The piercing, fragmented story of how the author watched the horrific toll drug addiction took on her brother and his wife.
Granta publisher Rausing’s (Everything Is Wonderful: Memories of a Collective Farm in Estonia, 2014, etc.) brother Hans first became addicted to heroin in his late teens. Haunted by his history of drug abuse, the author chronicles Hans’ downfall while probing patterns in her family that made them all complicit in this tragedy. Born to wealth, Hans spent his young adulthood in and out of rehabilitation programs that, along with the other “props” of a privileged life—nannies, staff, and “sordid doctors”—could allow addicts to go on “in a twilight existence…for years.” He met his future wife, Eva, while both were recovering from drug relapses. When they married in 1992, they seemed determined to not let their respective pasts impact their future together: “They [went] to 12-step meetings…and they gave money to addiction charities.” But eight years into their marriage, both Hans and Eva stopped going to their meetings, “let go of solidarity with other addicts,” and began taking drugs. In the mid-2000s, still unaware of the extent of Hans’ resurgent addiction, Rausing and her family admonished Eva to seek help. However, in retrospect, the author saw that Eva “[no longer] believed in rehab” and still thought of herself as immune from total self-destruction. By 2007 and under court order, Hans and Eva’s children had gone to live with Rausing; by 2012, “all communications ceased.” Not long afterward, Eva was found dead of an overdose, and police arrested a dazed Hans on suspicion of murder. The narrative resonates because Rausing, a private person, shares intimate memories and expresses her sentiments about events that the media sensationalized. As she understands it, addiction is not only a family disease, but also an “endlessly revolving merry-go-round” that keeps addicts and family members trapped in alternating victim/victimizer roles of “guards and hostages.”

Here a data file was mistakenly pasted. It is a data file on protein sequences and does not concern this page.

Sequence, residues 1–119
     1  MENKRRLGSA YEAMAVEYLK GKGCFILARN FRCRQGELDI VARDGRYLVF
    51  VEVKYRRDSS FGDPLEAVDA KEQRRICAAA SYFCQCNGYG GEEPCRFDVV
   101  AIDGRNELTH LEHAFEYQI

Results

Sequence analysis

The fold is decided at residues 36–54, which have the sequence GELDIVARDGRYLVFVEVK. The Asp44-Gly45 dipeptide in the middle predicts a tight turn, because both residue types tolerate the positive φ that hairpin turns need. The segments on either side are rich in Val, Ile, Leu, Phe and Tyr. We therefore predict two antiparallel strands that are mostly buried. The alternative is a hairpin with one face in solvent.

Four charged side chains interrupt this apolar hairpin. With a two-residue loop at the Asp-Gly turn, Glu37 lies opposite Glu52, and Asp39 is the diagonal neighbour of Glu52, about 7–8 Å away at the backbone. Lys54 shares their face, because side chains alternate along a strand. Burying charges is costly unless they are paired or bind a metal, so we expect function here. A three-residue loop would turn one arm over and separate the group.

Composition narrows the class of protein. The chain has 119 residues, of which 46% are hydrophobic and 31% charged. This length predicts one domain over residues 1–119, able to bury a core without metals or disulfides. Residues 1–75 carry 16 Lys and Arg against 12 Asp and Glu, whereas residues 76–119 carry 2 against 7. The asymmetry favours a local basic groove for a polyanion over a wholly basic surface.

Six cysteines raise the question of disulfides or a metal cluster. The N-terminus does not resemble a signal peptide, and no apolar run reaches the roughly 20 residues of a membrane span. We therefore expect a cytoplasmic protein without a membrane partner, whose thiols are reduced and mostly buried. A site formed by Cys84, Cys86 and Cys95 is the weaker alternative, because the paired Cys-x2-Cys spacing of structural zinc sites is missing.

A stylish and devastatingly lucid memoir.